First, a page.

Wednesday, October 19

It's okay to reconginize our differences

I know it’s been a while and this is going to sound like an odd thing to post about, but it’s been bugging me. So I’m posting.

With Mitt Romney, a Mormon, running for president there have been questions raised about the Mormon Church’s relationship to Christianity.

I want to preface what I’m about to say with this: I’m not attacking Mormons. They’re nice, good people. I’m not questioning a Mormon’s ability to be a good president. Being Christian should not be a prerequisite for holding public office, especially in America where freedom of religion is the law of the land.
I also recognize that there are lot of people who are Christian who don’t agree. I realize that there are some things that I believe that other Christians don’t. That doesn’t make me not Christian. There are some things that other Christians believe that I don’t. That doesn’t make them not Christian.

That said, Mormon’s aren’t Christian. There are key doctrines of faith that unite Christians with each other and at the same time distinguish Christianity from other faiths. These are the doctrines that make Christians not Jewish. Or Muslim. Or Buddhist. Or Mormon.

I realize that there is a lot of nuance in any faith, and I’m not at all claiming to know or understand the totality of what the Mormon Church professes. These are just key doctrines in which Christians and Mormon’s differ.

Christians teach:
Belief in one eternal triune God,
the Almighty, Jesus the Christ, and the Holy Spirit
maker of heaven and earth,
of all that is, seen and unseen.
God has no beginning and no end.

Mormons teach:
God the Father is only one of countless gods,
He used to be a man on another planet.
He became a god by following the laws and ordinances of that god in that world.

Christians teach:
Jesus is the Christ, and is “one Being with the Father”
through him all things were made.
He came down from heaven,
was incarnate of the Holy Spirit and the virgin Mary
and became truly human.
Mormons teach:
God brought one of his wives with him to this world
with whom he produces spirit children who then inhabit human bodies at birth.
The first spirit child to be born to god and his wife was Jesus.
Second was Satan.
We are all also spirit children.

Christians teach:
Jesus was crucified, died and was resurrected for the sake of our salvation. Salvation is understood to mean the forgiveness of our sins through the grace of God.
Jesus will come again to judge the living and the dead. Christian hope is looking forward to the day of resurrection when God’s kingdom will be united with earth and have no end.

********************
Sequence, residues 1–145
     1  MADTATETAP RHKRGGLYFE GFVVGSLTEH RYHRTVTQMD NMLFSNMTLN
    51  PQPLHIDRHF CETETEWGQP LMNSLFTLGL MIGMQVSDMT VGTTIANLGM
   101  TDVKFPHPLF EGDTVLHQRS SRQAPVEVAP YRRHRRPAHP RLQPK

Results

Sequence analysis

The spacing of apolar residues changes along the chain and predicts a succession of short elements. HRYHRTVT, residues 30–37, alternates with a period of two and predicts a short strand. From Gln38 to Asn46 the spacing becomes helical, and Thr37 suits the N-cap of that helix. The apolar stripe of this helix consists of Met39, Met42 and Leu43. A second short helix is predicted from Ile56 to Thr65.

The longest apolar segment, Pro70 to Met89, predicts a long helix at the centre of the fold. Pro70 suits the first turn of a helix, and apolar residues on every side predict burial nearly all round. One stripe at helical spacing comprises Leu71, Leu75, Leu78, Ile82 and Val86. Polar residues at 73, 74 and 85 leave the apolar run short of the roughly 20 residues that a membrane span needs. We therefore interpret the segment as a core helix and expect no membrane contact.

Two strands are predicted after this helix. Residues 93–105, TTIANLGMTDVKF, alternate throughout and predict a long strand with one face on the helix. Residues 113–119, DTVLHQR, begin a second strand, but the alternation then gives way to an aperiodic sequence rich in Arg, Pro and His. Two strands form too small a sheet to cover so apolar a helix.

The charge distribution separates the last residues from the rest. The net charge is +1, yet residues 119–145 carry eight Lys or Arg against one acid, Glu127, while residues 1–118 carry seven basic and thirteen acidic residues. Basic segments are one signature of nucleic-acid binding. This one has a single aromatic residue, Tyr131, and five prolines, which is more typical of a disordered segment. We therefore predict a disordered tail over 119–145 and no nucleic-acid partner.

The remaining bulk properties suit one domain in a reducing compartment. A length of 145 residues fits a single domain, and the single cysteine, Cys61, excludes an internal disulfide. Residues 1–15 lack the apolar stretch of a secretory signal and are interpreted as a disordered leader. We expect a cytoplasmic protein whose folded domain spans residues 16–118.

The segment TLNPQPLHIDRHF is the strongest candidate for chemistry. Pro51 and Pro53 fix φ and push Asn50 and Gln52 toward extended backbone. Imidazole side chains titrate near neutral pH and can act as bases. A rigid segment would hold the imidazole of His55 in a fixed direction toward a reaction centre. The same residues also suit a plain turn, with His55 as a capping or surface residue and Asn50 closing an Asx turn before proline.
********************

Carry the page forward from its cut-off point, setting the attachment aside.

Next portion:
Mormons teach:
One must follow the laws and ordinances of the Mormon church in order to earn forgiveness.
Salvation is both forgiveness of sins and the promise of universal resurrection.

Mormons can say they are Christian all they want, but that doesn’t make it so. When one group starts with a belief in one eternal God that created the universe and the other group starts with the belief in a man who became one of many gods back when he lived on a different planet, they aren’t sharing a common frame of reference.


Anonymous said...

I had always understood that Mormons had beliefs which were incompatible with Christianity but after reading this post i have a better understanding how different the frame of reference is. Thanks. But as you say, that should not be a reason to disqualify anyone from running for President. I don't know much about American politics but Mitt Romney has appeared very honest in TV debates.

The Bug said...

You know it's funny - I always think that Mormanism sounds kooky - like how could they believe that? But if you look at what Christians (or Jews, Buddhists & Hindus for that matter) believe, it can sound just as kooky. Which is why it's crazy to me to knock another person's beliefs. Respect is the key here - & your post is very respectful :)

Single and Sane said...

Great post, clearly outlining some major doctrinal differences. I bristle a little when I hear people say that the LDS church is just another Christian denomination, when I think the differences are profound enough to make it a whole other religion. But, as you point out, Christianity is not a requirement for public office.